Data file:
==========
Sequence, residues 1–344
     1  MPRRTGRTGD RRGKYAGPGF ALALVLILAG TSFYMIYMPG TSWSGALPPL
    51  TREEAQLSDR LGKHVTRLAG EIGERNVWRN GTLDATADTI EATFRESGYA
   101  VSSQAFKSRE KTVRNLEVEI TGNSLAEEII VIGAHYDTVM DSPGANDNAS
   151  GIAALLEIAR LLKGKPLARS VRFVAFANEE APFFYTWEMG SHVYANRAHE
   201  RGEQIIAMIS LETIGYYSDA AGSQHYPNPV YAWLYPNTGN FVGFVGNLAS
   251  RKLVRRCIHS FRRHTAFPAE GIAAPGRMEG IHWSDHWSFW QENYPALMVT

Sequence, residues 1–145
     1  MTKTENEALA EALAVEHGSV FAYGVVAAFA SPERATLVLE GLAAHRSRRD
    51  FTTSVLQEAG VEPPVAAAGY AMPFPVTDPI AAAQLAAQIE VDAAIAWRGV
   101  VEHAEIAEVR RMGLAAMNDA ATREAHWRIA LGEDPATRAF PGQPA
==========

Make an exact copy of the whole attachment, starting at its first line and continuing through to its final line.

Sequence, residues 1–344
     1  MPRRTGRTGD RRGKYAGPGF ALALVLILAG TSFYMIYMPG TSWSGALPPL
    51  TREEAQLSDR LGKHVTRLAG EIGERNVWRN GTLDATADTI EATFRESGYA
   101  VSSQAFKSRE KTVRNLEVEI TGNSLAEEII VIGAHYDTVM DSPGANDNAS
   151  GIAALLEIAR LLKGKPLARS VRFVAFANEE APFFYTWEMG SHVYANRAHE
   201  RGEQIIAMIS LETIGYYSDA AGSQHYPNPV YAWLYPNTGN FVGFVGNLAS
   251  RKLVRRCIHS FRRHTAFPAE GIAAPGRMEG IHWSDHWSFW QENYPALMVT

Sequence, residues 1–145
     1  MTKTENEALA EALAVEHGSV FAYGVVAAFA SPERATLVLE GLAAHRSRRD
    51  FTTSVLQEAG VEPPVAAAGY AMPFPVTDPI AAAQLAAQIE VDAAIAWRGV
   101  VEHAEIAEVR RMGLAAMNDA ATREAHWRIA LGEDPATRAF PGQPA